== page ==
Mike Knepper

Strings vs. Bytes

May 16, 2014

One of my tasks this week was to make my server capable of serving up image files. Ultimately this isn’t too difficult a thing to do, but it did require me revising my understanding about a fundamental aspect of how a server works.

Early last week I was using curl to get more comfortable with HTTP requests and responses. I was delighted to realize that the communication between a server and its clients was not actually that complicated; curl suggested that at the end of the day, each was simply sending and receiving text. Of course, the server would have to parse the text to determine things like what the client is requesting, and the client would need to parse the text to do things like render it properly in a browser, but those were just details. If I could capture incoming text and generate outgoing text, I figured I would be in good shape.

This conception of HTTP requests and responses is not terribly inaccurate, except for one key point: the “stuff” getting communicated back and forth is not specifically text, but data in the form of bytes. Now, one might argue that this distinction is purely semantic: after all, strings of text are just collections of bytes displayed a certain, human-readable way. Indeed, the difference seemed trivial while I was serving up HTML pages, as I had no errors printing out strings of text as my response and the web browser client had no difficulty rendering the HTML properly. It wasn’t until I had to work with images that I understood the difference. Like HTML files, PNG/JPEG/GIF files are just collections of bytes displayed a certain way. However, these bytes cannot be displayed or translated as “text.” Try running curl on an image URL. The output is… not pretty. I described one difference between curl and a web browser being that a web browser can interpret HTML and render it properly, while curl cannot. In fact, this is a step past an even earlier difference: a web browser can convert bytes into text which it can then interpret as HTML or plain text, and can convert bytes into image files which it can display. Curl, on the other hand, can convert bytes into text that it prints (without distinguishing between HTML and plain text), but struggles to interpret, translate, and display bytes representing an image file. This is not necessarily curl’s fault–the bytes in an image file are not meant to be translated into text characters; by definition, they are meant to be translated into pixels of color. Meanwhile, a terminal is only concerned with presenting text characters.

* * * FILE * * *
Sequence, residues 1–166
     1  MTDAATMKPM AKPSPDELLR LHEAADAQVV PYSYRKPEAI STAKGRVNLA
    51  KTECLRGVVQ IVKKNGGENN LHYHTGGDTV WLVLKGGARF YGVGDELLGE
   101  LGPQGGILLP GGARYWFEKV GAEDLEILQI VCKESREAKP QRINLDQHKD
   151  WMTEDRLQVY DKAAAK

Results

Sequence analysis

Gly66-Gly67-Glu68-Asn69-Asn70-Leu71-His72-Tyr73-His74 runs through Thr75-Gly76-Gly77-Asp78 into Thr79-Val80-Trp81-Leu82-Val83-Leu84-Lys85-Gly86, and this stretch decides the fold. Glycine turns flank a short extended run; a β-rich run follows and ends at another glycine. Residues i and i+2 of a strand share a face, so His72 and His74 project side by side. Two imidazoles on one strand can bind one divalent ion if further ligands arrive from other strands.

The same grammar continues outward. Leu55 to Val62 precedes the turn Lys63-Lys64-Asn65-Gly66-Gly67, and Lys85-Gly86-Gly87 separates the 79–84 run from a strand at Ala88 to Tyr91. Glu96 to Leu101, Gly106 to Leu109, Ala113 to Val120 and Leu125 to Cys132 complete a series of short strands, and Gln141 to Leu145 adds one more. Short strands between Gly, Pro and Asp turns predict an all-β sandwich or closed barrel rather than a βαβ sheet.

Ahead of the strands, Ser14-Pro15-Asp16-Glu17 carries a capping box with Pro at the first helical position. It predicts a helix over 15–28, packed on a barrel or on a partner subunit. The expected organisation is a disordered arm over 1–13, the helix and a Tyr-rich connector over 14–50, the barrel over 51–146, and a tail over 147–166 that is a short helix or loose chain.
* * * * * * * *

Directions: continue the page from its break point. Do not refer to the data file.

You might be able to anticipate my problem now. My Response object had three fields–String status, String version, and String body–and my Responder simply arranged that info into a single string formatted according to HTTP convention and printed it out to the client. The body field was set by locating the requested resource, opening up a BufferedReader, and reading the file line by line. This obviously fails when the requested resource is an image! Essentially I was trying to translate something that cannot be translated as text into text, send it as text to a client, and hope that the client could somehow translate the not-actually-translated text back into an image file. If I thought it was hard to translate an image file into text, imagine how hard it’d be for the client to receive complete nonsense and form something coherent out of it!

The solution was to get closer to the metal, as Uncle Bob might say. When my server locates the requested resource, it no longer tries to translate it and store it as text, but rather stores the collection of bytes as bytes. Indeed, why translate? It’s impossible for some files (like images), and for others, what benefit does the server derive from storing it as human-readable text? Unlike a human, the server is perfectly happy working with raw bytes. With my body now stored properly as bytes, I can then convert the rest of the response (the status line and headers) into bytes (with the delightfully simple getBytes() method) and send one big byte collection back to the client, which is perfectly happy receiving and interpreting raw bytes.